Whose house?


A New American Revelation

by on 25 November 2012

Years ago, my buddy Erik visited me in Los Angeles and I was eager to show off LA's breadth of restaurants. We'd been to numerous Thai and Vietnamese and Italian and Mexican spots, and I offered a trip to the restaurant Grace as well. Erik was dismissive, suggesting that LA didn't really do "New American" cuisine as well as Chicago and I never understood what he meant by that. He was underwhelmed by Grace, which was one of my favorite restaurants at the time.

This recent trip to Chicago finally taught me why. Chicago's restaurant options for high-end American food, as a category, trumps that of LA. There are some noteworthy explanations for this: firstly, Los Angeles is far and away a much more casual town, and our dining demands that the restaurants kind-of play down to that. This is a city that would rather have a burger or fried chicken than the highest highs of American cuisine. Secondly, the wealth of ethnic options disperses the food nerds horizontally across various cuisines instead of exploring the heights of a single cuisine vertically. These are not value judgments against my LA or Chicago, just a matter of fact.

Duck-Juniper & Pistachio Sausage

duck juniper & pistachio sausage
@ Sable

My first foray into the dining scene at Chicago was at Sable, and admittedly I had already had dinner that evening, but I certainly wanted to try something on the menu since it all looked excellent. My dining companion opted for a small order of the duck sausage, and it was this exciting combinations of flavors and textures. The crisp casing and the duck cracklings in the hash underneath, the wonderfully earthy notes from the sausage as well as the succotash of sweet potato and corn swimming in foie butter.

From there, it only got better. Blackbird has long been one of Chicago's destination restaurants, and it was a treat to enjoy the tasting menu. One highlight was a beautifully cooked dry-aged striploin, served with a small piece of fried polenta, and a relish of escarole, poached quince, and almonds.


dry-aged striploin
@ Blackbird

My favorite dish at Blackbird was actually one of the early courses in the tasting menu. A concept as simple as a lamb tartare wouldn't strike one as noteworthy, except for the fact that nobody does it. At Blackbird, the lamb tartare is served with roasted maitakes, chestnuts, cranberry yogurt, and miner's lettuce. Here's a photo of the lamb tartare as well as a few other hits from the Blackbird tasting menu.

Lamb Tartare

lamb tartare
@ Blackbird


Pork Patio Roast

pork patio roast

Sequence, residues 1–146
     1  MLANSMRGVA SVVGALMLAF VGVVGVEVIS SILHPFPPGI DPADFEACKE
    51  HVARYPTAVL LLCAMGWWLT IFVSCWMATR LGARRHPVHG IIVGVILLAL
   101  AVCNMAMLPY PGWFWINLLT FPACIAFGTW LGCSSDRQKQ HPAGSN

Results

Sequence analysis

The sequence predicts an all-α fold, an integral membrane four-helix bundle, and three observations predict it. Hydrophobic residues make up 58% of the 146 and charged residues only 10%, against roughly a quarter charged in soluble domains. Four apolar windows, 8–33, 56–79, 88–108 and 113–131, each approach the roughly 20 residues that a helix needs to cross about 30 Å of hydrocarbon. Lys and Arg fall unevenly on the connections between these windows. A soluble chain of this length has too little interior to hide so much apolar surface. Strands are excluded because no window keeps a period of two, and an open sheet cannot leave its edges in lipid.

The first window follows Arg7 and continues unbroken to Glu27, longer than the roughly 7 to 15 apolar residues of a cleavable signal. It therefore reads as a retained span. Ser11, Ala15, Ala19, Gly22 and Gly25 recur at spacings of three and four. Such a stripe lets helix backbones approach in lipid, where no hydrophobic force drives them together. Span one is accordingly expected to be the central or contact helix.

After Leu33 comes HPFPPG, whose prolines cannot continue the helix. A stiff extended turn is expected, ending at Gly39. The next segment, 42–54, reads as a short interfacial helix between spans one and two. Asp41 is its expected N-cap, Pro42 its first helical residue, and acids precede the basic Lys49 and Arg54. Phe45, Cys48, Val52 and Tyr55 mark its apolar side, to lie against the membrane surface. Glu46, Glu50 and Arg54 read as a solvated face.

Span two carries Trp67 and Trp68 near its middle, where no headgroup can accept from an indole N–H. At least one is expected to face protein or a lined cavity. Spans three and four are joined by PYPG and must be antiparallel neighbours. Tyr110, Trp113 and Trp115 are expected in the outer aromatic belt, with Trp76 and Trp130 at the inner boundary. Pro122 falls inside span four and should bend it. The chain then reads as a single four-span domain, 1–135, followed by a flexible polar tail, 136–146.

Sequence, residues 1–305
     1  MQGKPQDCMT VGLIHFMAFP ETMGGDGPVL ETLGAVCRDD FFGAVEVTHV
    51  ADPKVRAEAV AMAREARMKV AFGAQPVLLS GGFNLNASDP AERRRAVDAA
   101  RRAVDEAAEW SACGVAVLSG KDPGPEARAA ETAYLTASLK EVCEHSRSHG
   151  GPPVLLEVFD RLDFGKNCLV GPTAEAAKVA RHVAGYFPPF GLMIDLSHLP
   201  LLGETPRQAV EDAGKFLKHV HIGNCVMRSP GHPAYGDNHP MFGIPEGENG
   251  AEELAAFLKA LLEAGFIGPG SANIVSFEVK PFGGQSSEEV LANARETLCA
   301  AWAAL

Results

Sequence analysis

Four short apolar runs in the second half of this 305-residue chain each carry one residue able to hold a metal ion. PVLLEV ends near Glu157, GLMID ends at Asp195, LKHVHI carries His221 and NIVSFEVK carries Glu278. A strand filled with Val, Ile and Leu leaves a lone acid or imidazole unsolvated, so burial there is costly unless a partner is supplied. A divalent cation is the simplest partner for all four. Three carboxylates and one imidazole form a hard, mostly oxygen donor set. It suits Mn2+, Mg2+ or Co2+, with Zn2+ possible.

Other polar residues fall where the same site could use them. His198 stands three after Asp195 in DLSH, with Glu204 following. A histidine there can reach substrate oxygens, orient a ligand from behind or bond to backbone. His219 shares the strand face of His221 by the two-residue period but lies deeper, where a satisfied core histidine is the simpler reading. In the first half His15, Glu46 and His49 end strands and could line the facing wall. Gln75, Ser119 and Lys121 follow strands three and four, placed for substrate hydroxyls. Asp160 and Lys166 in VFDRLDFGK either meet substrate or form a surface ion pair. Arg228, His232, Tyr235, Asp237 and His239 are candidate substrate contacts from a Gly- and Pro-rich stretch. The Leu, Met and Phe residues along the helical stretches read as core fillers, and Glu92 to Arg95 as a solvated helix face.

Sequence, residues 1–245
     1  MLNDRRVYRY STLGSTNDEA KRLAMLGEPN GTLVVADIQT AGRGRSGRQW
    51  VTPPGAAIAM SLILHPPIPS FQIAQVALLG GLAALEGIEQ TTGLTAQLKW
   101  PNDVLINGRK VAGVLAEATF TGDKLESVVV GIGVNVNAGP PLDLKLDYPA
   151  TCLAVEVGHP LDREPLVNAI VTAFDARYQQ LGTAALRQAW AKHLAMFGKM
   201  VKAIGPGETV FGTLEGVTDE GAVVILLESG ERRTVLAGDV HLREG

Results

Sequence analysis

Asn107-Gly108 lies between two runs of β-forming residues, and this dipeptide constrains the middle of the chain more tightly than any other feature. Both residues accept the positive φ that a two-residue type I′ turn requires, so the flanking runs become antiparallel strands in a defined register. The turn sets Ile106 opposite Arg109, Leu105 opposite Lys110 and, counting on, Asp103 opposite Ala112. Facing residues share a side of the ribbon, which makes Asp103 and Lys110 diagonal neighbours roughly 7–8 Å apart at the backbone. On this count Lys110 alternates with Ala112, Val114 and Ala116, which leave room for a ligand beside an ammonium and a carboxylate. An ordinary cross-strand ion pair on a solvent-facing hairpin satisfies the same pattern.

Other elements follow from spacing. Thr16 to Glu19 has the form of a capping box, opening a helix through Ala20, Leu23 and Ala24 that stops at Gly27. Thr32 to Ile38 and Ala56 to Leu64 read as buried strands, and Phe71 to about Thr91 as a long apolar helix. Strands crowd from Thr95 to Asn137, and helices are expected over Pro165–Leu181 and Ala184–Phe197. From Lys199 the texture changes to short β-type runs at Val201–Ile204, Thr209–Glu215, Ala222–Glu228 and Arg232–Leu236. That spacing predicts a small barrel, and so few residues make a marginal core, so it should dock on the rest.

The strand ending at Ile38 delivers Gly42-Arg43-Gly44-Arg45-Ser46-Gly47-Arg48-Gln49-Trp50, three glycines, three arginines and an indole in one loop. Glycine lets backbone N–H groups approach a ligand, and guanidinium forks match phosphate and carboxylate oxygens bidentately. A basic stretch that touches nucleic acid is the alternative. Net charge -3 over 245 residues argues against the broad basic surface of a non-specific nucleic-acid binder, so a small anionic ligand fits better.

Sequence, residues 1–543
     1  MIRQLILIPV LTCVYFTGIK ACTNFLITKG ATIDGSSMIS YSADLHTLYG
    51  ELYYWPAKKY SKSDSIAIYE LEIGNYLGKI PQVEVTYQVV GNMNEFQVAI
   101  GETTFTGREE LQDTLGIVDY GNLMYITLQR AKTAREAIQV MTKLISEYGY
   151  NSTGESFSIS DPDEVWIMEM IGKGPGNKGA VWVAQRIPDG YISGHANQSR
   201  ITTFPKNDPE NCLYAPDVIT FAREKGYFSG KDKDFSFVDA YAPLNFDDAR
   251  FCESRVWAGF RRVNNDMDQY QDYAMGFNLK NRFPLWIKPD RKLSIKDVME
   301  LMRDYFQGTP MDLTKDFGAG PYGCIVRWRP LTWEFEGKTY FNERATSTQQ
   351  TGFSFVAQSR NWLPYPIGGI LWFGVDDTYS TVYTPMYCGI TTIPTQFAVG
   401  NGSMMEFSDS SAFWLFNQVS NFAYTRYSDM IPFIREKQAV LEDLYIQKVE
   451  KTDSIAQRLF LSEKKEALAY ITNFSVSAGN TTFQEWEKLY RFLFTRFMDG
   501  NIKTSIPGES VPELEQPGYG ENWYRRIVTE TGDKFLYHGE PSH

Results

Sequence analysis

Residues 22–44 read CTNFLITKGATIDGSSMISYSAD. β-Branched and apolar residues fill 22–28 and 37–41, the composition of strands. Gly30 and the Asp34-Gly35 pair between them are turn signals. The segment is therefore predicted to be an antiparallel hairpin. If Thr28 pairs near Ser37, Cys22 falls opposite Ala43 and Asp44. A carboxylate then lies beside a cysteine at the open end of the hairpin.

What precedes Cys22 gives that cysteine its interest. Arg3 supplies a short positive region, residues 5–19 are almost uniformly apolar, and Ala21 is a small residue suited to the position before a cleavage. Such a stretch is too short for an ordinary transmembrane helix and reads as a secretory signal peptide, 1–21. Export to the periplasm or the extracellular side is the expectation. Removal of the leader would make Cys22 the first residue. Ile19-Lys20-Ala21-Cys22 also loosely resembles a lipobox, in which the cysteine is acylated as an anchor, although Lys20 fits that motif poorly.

@ Blackbird


Rabbit Saddle

rabbit saddle
@ Blackbird

The highlight of the trip, however, came from Sepia. I had planned to visit primarily for the drinks, and was floored by how good the food was. Here's their sea scallops, served with yellow pepper romesco, smoked paprika lardo, and almonds.

Sea Scallops

sea scallops
@ Sepia

This acts as a nice segue into one point that I must raise: Los Angeles is home to Providence, a restaurant whose approach to seafood rivals that of Le Bernardin in New York. I would even go as far as to say that Providence is arguably the best restaurant in LA, and certainly the best restaurant serving New American food (even through a seafood lens). All other Los Angeles restaurants in that genre aren't reaching for those heights. It will curious to see if the revamped Michael's in Santa Monica or the revamped Spago are as daring.

With Providence firmly entrenched as my high water mark for LA, I'd say that Sepia is her equal. The level of execution, the level of service, the ambience, everything stacks up high. And in fact, my favorite dish that I had at Sepia is used as the headline photo. It's piece of redfish served with a crawfish boudin, white beans, tasso, and lacinato kale (often referred to as cavolo nero).

Redfish with Crawfish Boudin

redfish with crawfish boudin
@ Sepia

This dish, this single dish, this perfectly cooked piece of fish, this house made blood sausage, this salt-cured ham, these earthy beans, these bitter greens, they work together in the most symphonic way. This dish was pretty fucking perfect on all accounts. This is the dish that I will most remember about Chicago. And yet the flavors are plucked right out of the Cajun playbook. There is nothing filtered, there is nothing interpreted. This is straight up Americana, elevated to the highest heights I've ever seen.

While ErikM made that dismissive shrug before Sepia ever opened, I realize now that he was onto something, and that trying to impress a Chicagoan with New American cuisine is like trying to impress an Angeleno with sushi. I'll continue to try and prove him wrong, but I see now how great that challenge truly is.